What lessons do Edward and Tom learn in the "Prince and the Pauper" by Mark Twain?

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beateach | Elementary School Teacher | (Level 1) Educator

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In the “Prince and the Pauper” by Mark Twain, the boys learn universal life lessons. Prince Edward VI, Eddie, rescues a pauper child named Tom Canty. The two boys trade places in life when the Prince decides that he wants a taste of freedom. What the Prince receives is a lesson on how his father’s subjects live when they are poor. He learns how harsh the laws of the kingdom can be and how it is to live in poverty with an abusive father.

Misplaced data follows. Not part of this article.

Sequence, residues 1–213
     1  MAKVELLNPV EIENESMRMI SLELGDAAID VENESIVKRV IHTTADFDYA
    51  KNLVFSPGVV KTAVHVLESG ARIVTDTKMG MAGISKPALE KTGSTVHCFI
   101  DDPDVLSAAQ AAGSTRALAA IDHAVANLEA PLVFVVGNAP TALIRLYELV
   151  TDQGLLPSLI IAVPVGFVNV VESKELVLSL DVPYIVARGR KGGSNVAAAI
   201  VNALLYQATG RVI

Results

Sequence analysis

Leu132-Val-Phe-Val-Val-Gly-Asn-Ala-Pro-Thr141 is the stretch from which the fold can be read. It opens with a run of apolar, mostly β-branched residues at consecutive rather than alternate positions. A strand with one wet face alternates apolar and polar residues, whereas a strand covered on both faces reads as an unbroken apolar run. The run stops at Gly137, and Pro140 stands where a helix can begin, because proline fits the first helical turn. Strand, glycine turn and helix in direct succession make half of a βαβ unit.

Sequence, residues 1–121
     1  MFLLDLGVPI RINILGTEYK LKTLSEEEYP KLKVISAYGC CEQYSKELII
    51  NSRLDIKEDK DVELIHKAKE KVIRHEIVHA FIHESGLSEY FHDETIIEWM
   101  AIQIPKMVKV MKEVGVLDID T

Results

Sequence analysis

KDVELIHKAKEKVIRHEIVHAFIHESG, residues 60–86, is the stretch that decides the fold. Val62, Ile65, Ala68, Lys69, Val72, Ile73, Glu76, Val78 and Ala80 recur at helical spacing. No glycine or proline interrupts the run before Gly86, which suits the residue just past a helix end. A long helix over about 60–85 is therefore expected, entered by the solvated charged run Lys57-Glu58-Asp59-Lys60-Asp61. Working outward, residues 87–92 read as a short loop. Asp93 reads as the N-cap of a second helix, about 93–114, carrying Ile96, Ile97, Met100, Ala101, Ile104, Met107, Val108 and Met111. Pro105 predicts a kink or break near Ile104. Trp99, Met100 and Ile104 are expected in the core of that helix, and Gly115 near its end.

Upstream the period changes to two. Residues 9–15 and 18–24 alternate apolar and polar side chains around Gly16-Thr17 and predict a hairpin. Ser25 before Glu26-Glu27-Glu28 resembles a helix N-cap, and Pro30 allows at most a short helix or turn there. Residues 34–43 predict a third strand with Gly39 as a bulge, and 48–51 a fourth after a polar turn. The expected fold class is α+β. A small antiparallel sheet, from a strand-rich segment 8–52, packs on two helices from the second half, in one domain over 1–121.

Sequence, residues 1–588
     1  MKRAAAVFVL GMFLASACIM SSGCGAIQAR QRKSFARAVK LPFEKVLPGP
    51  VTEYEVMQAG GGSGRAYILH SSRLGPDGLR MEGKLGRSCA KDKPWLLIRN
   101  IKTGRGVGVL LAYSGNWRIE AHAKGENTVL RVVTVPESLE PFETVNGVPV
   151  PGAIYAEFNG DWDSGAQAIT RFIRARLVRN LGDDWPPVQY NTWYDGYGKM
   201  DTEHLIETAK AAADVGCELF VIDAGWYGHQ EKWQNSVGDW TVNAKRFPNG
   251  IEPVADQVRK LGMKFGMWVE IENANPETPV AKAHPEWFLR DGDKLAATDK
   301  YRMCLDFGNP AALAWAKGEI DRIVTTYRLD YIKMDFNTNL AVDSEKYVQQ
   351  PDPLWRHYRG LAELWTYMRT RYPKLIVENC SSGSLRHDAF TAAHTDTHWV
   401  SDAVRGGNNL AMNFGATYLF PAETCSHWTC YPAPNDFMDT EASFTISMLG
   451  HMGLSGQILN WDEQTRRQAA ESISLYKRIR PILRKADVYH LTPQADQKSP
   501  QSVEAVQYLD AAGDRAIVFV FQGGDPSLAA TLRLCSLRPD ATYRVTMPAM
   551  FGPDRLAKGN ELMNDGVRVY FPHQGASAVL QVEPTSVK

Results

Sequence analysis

On the other hand, Tom Canty learns how to live like a prince. At first, he does not like his new situation since he is ignorant to the lifestyle, but he later changes his mind. He learns that in time he would be able to influence lives by modifying laws.

Both boys learn to respect themselves and to show compassion for others from different classes. In addition, they find to value their own situation. One might say the moral is that “the grass is not always green on the other side of the fence” or “life is what you perceive it to be.” The most important lesson is that social injustice exists and it can be changed by working in a unified matter to procure change.

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